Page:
There’s also a subtle dig at the overlap between watch culture and car culture in the first episode that got me to chuckle a little.

Car stuff aside, that’s the problem with the show – I rarely did more than chortle. It’s not that the show isn’t funny – some jokes landed pretty well – but it’s not as funny as similar shows. At least, not so far, not to me.


There’s a The Office or Superstore vibe here (creator Justin Spitzer was behind the latter and worked on the former, and Barinholtz was also in Superstore). I’ve never seen Superstore, but I think The Office was better crafted than American Auto. Funnier, at least.

That’s not to say this show is completely devoid of laughs. There’s a funny bit about a self-driving car being “racist” because it can’t see dark colors and the company had no Black dummies. I also laughed a little at a mock-up car that had “anti-kidnapping” devices – it was a good visual gag. A running gag involving Hastings assuming Jack and Sadie are having sex every time she walks into a room where they’re talking gets a few grins. And Hastings has a habit of stepping into rhetorical trouble due to lack of foresight/preparedness in a way that reminds a bit of Michael Scott.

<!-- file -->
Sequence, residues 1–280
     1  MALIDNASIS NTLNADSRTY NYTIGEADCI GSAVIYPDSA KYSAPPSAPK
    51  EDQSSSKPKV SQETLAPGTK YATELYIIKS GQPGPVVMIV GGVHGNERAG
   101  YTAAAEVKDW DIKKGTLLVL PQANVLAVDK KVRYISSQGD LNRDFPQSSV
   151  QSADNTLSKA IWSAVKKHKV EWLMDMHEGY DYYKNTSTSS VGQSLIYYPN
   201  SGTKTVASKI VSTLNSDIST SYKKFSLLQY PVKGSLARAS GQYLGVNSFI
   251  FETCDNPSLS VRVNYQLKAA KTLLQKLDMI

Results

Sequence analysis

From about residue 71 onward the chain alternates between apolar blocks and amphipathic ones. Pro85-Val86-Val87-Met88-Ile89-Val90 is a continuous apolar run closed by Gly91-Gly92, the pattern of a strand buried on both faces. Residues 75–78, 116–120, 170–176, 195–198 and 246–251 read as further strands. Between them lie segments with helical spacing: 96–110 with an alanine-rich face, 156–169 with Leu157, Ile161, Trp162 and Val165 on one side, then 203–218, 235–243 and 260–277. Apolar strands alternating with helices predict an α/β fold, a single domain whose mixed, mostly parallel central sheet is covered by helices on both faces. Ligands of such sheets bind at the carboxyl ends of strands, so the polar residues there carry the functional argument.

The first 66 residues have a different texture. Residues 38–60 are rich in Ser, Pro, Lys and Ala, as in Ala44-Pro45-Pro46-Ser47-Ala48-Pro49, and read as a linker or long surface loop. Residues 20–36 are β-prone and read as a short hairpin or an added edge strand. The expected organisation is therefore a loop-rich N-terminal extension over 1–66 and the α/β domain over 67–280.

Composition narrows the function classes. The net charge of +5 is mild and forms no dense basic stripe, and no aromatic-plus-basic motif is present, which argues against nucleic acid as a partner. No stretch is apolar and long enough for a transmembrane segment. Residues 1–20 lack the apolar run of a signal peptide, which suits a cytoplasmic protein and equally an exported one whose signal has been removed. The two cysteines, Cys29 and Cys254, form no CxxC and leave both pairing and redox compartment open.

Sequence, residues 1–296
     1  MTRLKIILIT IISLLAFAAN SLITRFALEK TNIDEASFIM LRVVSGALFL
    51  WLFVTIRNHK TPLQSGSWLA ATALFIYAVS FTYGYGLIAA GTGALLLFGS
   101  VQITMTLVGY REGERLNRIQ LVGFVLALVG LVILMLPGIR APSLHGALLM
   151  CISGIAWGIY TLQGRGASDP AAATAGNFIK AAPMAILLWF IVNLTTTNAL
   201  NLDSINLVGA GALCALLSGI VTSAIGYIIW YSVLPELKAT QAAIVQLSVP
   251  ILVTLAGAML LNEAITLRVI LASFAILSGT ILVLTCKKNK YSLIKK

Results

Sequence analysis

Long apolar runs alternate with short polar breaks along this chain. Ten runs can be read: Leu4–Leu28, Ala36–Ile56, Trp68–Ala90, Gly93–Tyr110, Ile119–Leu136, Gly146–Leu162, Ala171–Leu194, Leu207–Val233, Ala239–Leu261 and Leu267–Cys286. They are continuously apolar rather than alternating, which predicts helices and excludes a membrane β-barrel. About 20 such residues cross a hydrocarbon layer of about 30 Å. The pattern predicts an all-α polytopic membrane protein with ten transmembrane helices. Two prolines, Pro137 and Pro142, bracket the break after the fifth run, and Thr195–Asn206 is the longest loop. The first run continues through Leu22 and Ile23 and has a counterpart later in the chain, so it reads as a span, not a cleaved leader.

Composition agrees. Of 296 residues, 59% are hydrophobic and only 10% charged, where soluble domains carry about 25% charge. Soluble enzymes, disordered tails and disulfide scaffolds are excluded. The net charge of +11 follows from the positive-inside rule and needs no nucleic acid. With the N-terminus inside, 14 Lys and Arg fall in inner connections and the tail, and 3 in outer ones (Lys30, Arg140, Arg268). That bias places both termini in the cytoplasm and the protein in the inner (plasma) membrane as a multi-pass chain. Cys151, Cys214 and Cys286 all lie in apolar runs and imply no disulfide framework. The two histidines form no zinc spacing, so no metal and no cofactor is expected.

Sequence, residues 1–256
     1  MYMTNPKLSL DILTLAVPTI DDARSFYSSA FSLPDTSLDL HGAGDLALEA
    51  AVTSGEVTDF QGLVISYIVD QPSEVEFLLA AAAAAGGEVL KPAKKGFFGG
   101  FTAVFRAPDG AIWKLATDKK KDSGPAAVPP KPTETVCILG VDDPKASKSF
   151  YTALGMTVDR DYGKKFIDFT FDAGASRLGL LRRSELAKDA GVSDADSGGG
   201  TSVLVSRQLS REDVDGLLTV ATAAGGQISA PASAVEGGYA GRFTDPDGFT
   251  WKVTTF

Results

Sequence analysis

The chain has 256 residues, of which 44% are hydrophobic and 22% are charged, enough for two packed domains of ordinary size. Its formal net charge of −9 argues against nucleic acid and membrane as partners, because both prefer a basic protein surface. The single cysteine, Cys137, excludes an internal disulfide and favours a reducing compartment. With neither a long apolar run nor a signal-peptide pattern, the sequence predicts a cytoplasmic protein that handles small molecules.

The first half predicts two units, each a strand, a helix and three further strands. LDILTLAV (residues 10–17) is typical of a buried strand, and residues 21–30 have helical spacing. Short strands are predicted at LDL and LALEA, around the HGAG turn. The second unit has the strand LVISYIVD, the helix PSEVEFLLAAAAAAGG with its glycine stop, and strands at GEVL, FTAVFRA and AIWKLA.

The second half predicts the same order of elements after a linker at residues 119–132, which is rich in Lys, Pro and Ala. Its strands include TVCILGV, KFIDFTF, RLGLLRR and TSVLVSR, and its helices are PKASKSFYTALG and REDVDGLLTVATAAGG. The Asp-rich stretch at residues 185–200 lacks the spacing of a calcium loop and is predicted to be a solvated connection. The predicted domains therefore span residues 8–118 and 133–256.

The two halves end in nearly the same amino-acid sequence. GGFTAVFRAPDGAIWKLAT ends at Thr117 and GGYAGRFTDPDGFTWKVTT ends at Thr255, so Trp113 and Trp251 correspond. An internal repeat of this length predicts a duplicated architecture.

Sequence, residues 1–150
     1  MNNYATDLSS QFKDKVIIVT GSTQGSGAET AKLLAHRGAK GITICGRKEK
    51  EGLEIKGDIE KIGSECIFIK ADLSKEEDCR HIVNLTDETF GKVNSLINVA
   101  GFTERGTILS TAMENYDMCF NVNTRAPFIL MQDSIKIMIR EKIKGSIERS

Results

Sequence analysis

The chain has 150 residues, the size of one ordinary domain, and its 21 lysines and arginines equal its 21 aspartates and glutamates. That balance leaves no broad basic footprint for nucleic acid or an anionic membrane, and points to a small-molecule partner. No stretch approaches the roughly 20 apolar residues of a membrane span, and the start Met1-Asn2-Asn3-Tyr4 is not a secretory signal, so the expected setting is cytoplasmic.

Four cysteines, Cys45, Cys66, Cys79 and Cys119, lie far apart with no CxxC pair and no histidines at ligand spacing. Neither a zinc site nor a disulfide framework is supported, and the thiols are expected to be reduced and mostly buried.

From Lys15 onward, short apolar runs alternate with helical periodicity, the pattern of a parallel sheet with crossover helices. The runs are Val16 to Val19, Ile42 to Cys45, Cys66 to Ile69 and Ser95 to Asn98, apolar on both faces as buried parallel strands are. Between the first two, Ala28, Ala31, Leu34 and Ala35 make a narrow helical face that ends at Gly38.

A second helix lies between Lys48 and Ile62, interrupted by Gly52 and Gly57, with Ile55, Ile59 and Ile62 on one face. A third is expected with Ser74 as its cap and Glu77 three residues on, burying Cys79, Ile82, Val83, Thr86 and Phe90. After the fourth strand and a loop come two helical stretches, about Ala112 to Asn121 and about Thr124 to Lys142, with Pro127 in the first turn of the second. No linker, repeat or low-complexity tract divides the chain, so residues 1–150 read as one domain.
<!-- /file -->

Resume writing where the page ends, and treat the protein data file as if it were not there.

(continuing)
Only a bit, though – Hastings has more self-awareness and is less obnoxious. Still, the second episode revolves around her stumbling through an interview in which she’s unprepared for obvious follow-ups. Of course, her interviewers also act in bad faith and twist her words, in a critique of the worst type of journalists who sometimes play “gotcha” during live hits.

Had she been as media-savvy as a real auto-world CEO, she’d have handled the interview with grace. And Payne Motors would’ve vetted the hell out of the bigoted customer to who they give a platform. Then again, that wouldn’t be funny.


At least the acting is competent across the board: Gasteyer is solid with her deadpan line delivery, Washington does a nice job with his character’s creepy weirdness, and Barinholtz stands out as the clueless, obnoxious Wesley. Wesley is so ignorant that he doesn’t even realize that Hastings wasn’t hired just for diversity, but because he’s so inept he’d be worse at running a car company than a woman who doesn’t even drive – one who also doesn’t understand why enthusiasts “fetishize” cars. Wesley is basically every skeevy, insufferable co-worker ever shown in a workplace comedy rolled into one, and Barinholtz sells it.